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The classic French sauce starts with another classic French sauce, mayonnaise, to which is added mustard, capers, chopped gherkins, often parsley and chervil or other herbs — and anchovies.
Generally served with cold meats, fish and shellfish, rémoulade is versatile sauce. It can also be prepared with paprika.
You can find rémoulade at The Bauer Kitchen in mid-town; it is part of a cheese fritter appetizer featuring a local fior di latte Mozzarella and house red-pepper preserve.
Also, on the menu at Little Mushroom Catering of Cambridge is a dish of crab cakes and dill rémoulade.
At the Lancaster Smokehouse, a local bastion of low country and southern U.S. cooking, rémoulade has played a key sauce-role in the past, according to chef and co-owner Tim Borys.
“We’ve had rémoulade on the menu for years but currently not with the downsized pandemic re-opening menu. We’ve served it with catfish, fried tomatoes, hush puppies and po’ boys,” Borys says.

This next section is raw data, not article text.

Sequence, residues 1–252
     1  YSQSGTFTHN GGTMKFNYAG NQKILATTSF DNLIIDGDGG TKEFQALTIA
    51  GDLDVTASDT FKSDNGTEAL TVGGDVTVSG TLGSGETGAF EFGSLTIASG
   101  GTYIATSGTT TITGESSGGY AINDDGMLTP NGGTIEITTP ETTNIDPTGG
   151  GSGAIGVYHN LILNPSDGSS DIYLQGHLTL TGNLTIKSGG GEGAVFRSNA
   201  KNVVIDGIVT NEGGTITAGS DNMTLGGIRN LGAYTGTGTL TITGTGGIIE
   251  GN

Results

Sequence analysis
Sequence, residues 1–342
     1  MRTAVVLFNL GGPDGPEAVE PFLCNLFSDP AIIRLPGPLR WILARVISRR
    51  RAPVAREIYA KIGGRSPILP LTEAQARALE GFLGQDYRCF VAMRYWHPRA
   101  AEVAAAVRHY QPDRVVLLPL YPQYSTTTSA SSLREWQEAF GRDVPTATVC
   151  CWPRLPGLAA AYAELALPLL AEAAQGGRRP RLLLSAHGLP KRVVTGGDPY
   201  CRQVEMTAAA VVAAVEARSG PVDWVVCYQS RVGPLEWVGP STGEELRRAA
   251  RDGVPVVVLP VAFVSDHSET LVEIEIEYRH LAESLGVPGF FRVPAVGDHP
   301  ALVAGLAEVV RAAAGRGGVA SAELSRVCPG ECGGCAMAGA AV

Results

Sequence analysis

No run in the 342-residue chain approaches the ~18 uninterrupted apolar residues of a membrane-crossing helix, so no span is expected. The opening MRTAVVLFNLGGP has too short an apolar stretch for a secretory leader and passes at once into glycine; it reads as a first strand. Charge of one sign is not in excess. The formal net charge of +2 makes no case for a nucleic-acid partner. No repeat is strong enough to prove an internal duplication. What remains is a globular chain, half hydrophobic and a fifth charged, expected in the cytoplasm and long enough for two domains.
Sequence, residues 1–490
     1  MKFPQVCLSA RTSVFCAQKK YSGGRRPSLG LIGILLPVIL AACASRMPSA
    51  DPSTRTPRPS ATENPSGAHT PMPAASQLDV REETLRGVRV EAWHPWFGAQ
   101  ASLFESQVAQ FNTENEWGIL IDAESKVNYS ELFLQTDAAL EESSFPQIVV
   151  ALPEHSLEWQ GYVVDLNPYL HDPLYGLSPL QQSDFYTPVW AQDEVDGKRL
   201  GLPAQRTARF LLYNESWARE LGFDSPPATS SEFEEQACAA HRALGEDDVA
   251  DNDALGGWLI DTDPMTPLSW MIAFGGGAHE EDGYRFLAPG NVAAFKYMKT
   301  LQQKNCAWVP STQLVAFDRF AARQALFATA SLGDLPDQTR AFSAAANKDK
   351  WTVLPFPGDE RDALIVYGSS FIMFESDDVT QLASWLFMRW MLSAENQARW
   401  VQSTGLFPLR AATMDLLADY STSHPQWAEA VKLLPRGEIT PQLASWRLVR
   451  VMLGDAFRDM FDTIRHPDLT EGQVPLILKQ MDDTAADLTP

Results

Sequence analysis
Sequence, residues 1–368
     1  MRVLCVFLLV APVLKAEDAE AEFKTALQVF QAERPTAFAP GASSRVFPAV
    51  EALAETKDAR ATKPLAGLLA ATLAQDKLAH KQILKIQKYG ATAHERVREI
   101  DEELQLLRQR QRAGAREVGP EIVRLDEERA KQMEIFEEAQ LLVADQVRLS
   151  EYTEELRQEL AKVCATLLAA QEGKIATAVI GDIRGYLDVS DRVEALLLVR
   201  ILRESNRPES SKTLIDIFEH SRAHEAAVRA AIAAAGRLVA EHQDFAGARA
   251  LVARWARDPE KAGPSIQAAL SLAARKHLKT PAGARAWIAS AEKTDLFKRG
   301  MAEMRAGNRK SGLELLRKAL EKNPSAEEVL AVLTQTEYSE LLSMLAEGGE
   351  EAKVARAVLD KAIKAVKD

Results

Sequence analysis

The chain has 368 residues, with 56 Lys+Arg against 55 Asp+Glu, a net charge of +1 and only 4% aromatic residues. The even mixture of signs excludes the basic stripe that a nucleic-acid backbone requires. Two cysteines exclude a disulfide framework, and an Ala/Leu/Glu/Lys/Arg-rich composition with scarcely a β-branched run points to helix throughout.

Traditionally, rémoulade was served with meats, but today it likely appears more at table as a dipping condiment. It plays a key role in Cajun cuisine but a version of it is found in cooking around the world, from Iceland to North America, with lots of European countries drawing on it.
Holding the banner for a classic rendition, food writer Elizabeth David [her rémoulade recipe from French Provincial Cooking (1960) is below] says the sauce, when made properly, should be creamier and less rich than a mayonnaise.
A classic French rémoulade [based on Elizabeth David recipe]
2 hard-boiled egg yolks
1 raw egg yolk
Drop of vinegar
1 teaspoon mustard
salt and pepper
1/2 cup of olive oil
Chopped herbs such as tarragon and chives
Pound the yolks to a paste and add vinegar. Stir in the raw egg yolk and add mustard, and salt and pepper. Add the olive oil slowly and incorporate into a mayonnaise. Season with your selection of tarragon, chervil, parsley and chopped capers.
[Banner image/Wikimedia Commons]